Japan's Foreign Minister said yesterday that he was disappointed with Australia's threat to take his country to court over its Antarctic whale hunts, while Australia vowed to approach the International Whaling Commission as soon as today.
The comments from Japanese Foreign Minister Katsuya Okada followed two days of talks with officials in Australia over Tokyo's research whaling program, which kills hundreds of whales each year in Antarctic waters. On Friday, the day before Okada's arrival, Prime Minister Kevin Rudd said Australia would take international legal action against Japan if the program was not stopped by November.
"It's very unfortunate the Australian side has indicated it will take action in an international court," Okada told reporters in Perth following a meeting with Australian Foreign Minister Stephen Smith.
Okada said Tokyo will defend its hunt in any legal forum, saying it is an allowed exception to the International Whaling Commission's 1986 ban on commercial whaling. Whale meat not used for study is sold for consumption in Japan, which critics say is the real reason for the hunts.
Australia, a staunch anti-whaling nation, has long threatened to take Japan to court over the program. Two years ago, it sent a ship to Antarctic waters to follow the Japanese whaling fleet and collect videos and photographs it said might be used as evidence in an international forum.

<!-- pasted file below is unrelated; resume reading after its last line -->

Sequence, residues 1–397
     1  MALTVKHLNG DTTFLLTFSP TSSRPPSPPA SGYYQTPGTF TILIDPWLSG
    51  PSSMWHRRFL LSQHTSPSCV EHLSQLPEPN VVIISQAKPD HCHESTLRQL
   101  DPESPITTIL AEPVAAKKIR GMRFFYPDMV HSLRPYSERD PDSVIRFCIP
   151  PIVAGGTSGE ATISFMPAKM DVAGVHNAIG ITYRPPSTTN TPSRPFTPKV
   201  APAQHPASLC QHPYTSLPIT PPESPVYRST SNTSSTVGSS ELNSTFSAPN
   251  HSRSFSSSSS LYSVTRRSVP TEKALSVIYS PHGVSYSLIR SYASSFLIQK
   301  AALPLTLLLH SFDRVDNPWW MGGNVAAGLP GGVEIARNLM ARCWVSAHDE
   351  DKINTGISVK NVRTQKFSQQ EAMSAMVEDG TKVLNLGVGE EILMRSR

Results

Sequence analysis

Following his meeting with Okada, Smith said the Australian government has decided to present a proposal to the International Whaling Commission asking that the whaling program be stopped within a "reasonable period of time."
"That is a position that we will put to the International Whaling Commission in the very near future, potentially as early as tomorrow," Smith said.
Smith said that if an agreement between the countries isn't reached, Australia will seek arbitration in the International Court of Justice at The Hague.
Despite the stalemate over whaling, both Smith and Okada said the issue would not hurt the countries' strong bilateral ties.
The talks come amid an increasingly aggressive fight between the Japanese whaling fleet and U.S.-based activist group Sea Shepherd, which pursues the whalers each year in an attempt to thwart the hunt.
In January, a Japanese whaler struck Sea Shepherd's high-tech speedboat Ady Gil, which sank a day later. Earlier this month, Sea Shepherd's ship Bob Barker and a Japanese harpoon boat collided, causing minor damage to both vessels.
Sea Shepherd activists have thrown bottles of butyric acid at the whalers, and the Japanese have returned fire with water cannons.
Last week, Sea Shepherd activist Peter Bethune jumped aboard the Shonan Maru 2 from a Jet Ski with the stated goal of making a citizen's arrest of the ship's captain.
The whalers took him into custody, and he will face charges in Japan of trespassing and assault.
"We condemn any action on the high seas which puts safety at sea at risk," Smith said. "That includes the throwing of projectiles from one vessel to another and it includes people jumping on a vessel without consent and without lawful authority."